What happens to a marriage when pornography invades the home? What is its relational and sexual impact on the couple? While our culture increasingly dismisses any talk about the negative impact of porn, the reality is that it’s much more corrosive and damaging than you think. Long before your marriage descends into the chaos of exposure and threats of divorce, you need to know the damage that porn can inflict on relationships. It’s never too late to change direction if you know or suspect that porn is disrupting your marriage. One way to start on the road to transformation is to honestly examine the damage porn has already done to you and to others. Sometimes God uses warning signs in our lives to get our attention. There are three major ways that porn disrupts and eventually destroys marriages.

Pornography Destroys the Beauty of God’s Design for Sex

A healthy marriage is based on intimacy. Adam and Eve were “were both naked and were not ashamed” (Genesis 2:25), a description not just of sexual pleasure but of relational intimacy. They held nothing back from each other; they were totally open and vulnerable. They knew each other in a way that no other couple ever did. Before sin entered the human heart, they experienced sex as God designed it, mutually pleasurable as both sought to selflessly please the other. God gave them the gift of sex as the means to deep relational connection.

But when sin entered the world, the perfect intimacy that Adam and Eve shared collapsed. Because God made sex such a powerful experience, it needed the relationally safe boundaries of marriage. Intimacy is not something that happens quickly between two people; it grows through the years as the couple faces problems together. That is why the father in Proverbs 5 tells his adult son to remember the years he has spent with the “wife of his youth.” He is not to throw away those years and experiences to have sex with anyone he chooses. The pleasure sex brings is better within the boundaries of marriage, with the wife he has spent years knowing and loving. “Let your fountain be blessed, and rejoice in the wife of your youth, a lovely deer, a graceful doe. Let her breasts fill you at all times with delight; be intoxicated always in her love” (Proverbs 5:18–19).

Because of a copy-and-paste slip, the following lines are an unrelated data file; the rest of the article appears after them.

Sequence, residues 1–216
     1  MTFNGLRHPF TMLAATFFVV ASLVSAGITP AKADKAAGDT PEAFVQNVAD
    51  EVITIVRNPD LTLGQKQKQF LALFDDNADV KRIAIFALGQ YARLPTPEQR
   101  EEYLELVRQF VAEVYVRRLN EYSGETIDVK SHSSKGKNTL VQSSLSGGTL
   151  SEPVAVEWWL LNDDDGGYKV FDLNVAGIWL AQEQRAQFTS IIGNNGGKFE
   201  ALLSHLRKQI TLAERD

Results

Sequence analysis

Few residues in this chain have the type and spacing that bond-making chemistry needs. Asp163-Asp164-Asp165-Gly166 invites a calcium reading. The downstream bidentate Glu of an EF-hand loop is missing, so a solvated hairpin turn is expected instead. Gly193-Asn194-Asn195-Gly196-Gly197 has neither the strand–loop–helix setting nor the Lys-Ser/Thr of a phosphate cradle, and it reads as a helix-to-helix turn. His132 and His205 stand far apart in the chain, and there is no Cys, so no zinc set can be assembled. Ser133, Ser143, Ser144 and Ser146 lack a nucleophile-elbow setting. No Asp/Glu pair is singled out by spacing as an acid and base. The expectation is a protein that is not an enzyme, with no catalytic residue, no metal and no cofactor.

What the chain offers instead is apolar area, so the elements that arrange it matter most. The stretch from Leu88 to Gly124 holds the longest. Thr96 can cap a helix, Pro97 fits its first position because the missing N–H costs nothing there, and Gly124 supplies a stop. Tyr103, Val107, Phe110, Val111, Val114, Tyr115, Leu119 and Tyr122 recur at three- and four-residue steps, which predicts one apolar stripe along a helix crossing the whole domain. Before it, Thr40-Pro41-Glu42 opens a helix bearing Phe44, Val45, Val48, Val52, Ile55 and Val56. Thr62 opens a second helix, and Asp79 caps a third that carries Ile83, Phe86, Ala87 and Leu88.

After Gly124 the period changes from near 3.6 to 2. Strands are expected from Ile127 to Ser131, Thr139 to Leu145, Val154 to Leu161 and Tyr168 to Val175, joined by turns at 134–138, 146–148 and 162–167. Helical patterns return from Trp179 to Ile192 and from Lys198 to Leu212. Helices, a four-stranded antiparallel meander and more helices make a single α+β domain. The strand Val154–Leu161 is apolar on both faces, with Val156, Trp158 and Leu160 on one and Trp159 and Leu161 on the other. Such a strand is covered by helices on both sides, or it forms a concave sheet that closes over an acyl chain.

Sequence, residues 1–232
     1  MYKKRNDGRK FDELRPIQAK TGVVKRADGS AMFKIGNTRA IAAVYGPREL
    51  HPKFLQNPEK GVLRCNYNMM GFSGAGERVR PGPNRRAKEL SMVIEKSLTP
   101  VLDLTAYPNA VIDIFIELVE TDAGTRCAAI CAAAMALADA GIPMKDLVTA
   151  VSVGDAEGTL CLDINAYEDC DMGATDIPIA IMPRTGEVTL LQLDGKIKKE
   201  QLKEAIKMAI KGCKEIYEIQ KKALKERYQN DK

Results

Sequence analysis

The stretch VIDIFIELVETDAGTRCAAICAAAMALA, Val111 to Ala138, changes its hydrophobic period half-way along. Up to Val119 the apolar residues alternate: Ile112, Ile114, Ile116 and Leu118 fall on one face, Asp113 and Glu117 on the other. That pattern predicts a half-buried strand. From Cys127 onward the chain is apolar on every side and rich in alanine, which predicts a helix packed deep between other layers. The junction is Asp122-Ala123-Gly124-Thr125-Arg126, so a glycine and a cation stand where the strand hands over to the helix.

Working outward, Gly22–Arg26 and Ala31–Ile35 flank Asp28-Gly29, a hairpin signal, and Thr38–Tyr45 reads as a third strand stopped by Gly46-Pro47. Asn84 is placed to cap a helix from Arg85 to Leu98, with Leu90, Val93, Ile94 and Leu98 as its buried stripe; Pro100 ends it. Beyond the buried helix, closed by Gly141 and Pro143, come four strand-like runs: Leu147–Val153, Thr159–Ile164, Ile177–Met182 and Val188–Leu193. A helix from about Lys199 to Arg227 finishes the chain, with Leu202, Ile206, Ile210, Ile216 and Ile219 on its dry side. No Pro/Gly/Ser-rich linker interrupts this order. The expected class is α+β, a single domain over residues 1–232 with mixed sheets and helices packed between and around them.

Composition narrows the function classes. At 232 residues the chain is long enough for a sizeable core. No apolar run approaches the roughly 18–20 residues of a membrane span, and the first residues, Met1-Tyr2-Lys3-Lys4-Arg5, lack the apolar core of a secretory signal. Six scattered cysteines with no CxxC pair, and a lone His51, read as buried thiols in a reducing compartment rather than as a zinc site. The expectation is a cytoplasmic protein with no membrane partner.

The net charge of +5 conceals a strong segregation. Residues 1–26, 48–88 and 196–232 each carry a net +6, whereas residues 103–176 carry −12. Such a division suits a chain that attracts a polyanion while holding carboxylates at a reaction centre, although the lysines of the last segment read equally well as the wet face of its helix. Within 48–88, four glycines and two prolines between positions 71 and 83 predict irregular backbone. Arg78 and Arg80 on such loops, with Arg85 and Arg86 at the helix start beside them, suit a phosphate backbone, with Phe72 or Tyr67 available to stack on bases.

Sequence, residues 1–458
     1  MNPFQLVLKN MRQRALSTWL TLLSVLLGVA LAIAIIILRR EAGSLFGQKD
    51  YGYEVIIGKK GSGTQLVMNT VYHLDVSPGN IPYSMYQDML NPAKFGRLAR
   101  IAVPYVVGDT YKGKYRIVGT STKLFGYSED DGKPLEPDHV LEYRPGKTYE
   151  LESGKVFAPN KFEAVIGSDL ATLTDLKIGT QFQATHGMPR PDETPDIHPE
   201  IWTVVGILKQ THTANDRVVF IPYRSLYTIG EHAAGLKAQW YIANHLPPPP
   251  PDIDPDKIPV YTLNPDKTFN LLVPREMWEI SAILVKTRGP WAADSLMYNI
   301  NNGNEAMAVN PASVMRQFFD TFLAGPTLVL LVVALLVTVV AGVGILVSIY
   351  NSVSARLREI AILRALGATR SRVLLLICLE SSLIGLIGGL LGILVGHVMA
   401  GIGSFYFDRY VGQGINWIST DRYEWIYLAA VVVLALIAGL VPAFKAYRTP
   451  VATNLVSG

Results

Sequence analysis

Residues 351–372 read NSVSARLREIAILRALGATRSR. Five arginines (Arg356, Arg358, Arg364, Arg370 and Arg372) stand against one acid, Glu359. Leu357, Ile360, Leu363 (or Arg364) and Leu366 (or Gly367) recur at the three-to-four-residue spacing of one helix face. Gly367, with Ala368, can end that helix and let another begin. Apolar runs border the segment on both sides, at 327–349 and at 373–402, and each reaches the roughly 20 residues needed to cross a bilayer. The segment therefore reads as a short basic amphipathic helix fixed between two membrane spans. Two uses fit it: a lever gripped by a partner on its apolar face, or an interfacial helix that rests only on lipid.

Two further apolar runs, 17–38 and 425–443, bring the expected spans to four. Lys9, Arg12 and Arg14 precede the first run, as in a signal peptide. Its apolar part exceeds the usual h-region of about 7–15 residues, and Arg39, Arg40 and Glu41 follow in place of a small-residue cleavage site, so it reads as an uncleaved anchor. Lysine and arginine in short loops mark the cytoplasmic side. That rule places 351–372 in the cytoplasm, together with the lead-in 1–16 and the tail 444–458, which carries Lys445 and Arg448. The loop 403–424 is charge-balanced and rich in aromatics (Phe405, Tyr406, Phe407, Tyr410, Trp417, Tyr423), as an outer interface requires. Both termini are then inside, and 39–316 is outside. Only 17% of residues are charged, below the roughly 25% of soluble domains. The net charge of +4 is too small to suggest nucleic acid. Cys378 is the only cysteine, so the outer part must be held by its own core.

God created sexual pleasure within marriage and values it as a foundational expression of growing spiritual and emotional intimacy. But the physical intimacy with your spouse that God values so highly is steadily corrupted and ultimately destroyed when you engage in porn.

Pornography Makes You Selfish and Self-Centered

As one Christian counselor put it, viewing pornography is all about masturbation.¹  In other words, when you engage in porn, it’s all about what you can get out of it. It’s about your fantasies, your pleasure, and your desires. Women and men are reduced to mere sexual objects for your own selfish pleasures. The people on the screen, whether you are passively viewing them or actively engaged with them (via webcam, texting, or chat rooms) exist only to please you. Real intimacy, which by its nature takes time to develop, is obliterated in quick hits of self-centered fantasy.

What gets lost in viewing or engaging in pornography is this critical fact: the person you are interacting with is not real and neither are you, because the foundation of your “relational encounter” is a total lie. In real life and real relationships, there is someone you want to get to know, and someone who wants to know you as well. The fantasy of pornography is that you believe you are the object of someone else’s interest and desire, but the cold reality is that you are really alone with yourself.

Pornography Isolates You from Your Spouse and Family

The more you use pornography, the less you will attempt to relate to your spouse as God intended, because that involves effort and a willingness to care about someone else. In contrast, porn becomes the way you escape the endless stresses of life, especially the stresses that are part and parcel of marriage. Life in a fallen world is difficult. A good marriage not only lets you weather the storms; it helps you grow through them. But porn entices you with the false promise that you don’t have to face those storms. Instead, it promises pleasure and escape. In porn you will find women who are beautiful, daring, lonely but anxious to be fulfilled by you—quite different from your wife. In porn you will find men who are thoughtful, romantic, and willing to tackle any challenge to have you–quite different from your husband. But porn, very simply, entices you into a world that doesn’t exist.

Your spouse, meanwhile, continues to occupy the real world, and the more you pull away into fantasy, the more he or she will feel abandoned by you.

¹Jeffrey S. Black, Sexual Sin: Combatting the Drifting and Cheating (Phillipsburg, N.J.: P & R Publishing, 2003), 6.